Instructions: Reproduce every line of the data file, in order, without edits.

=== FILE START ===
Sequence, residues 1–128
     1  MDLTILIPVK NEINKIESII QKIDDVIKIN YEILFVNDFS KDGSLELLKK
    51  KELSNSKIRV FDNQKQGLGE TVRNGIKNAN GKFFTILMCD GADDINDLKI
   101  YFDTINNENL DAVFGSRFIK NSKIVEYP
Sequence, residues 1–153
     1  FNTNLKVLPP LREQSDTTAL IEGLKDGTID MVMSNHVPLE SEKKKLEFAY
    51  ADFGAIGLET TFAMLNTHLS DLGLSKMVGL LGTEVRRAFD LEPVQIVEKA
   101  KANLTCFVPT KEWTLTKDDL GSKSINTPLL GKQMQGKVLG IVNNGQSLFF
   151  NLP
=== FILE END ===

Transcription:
Sequence, residues 1–128
     1  MDLTILIPVK NEINKIESII QKIDDVIKIN YEILFVNDFS KDGSLELLKK
    51  KELSNSKIRV FDNQKQGLGE TVRNGIKNAN GKFFTILMCD GADDINDLKI
   101  YFDTINNENL DAVFGSRFIK NSKIVEYP
Sequence, residues 1–153
     1  FNTNLKVLPP LREQSDTTAL IEGLKDGTID MVMSNHVPLE SEKKKLEFAY
    51  ADFGAIGLET TFAMLNTHLS DLGLSKMVGL LGTEVRRAFD LEPVQIVEKA
   101  KANLTCFVPT KEWTLTKDDL GSKSINTPLL GKQMQGKVLG IVNNGQSLFF
   151  NLP